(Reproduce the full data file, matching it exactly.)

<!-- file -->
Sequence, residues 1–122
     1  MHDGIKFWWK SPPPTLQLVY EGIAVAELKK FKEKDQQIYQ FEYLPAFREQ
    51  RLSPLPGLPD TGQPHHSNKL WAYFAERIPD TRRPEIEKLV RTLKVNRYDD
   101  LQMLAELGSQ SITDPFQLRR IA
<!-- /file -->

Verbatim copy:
Sequence, residues 1–122
     1  MHDGIKFWWK SPPPTLQLVY EGIAVAELKK FKEKDQQIYQ FEYLPAFREQ
    51  RLSPLPGLPD TGQPHHSNKL WAYFAERIPD TRRPEIEKLV RTLKVNRYDD
   101  LQMLAELGSQ SITDPFQLRR IA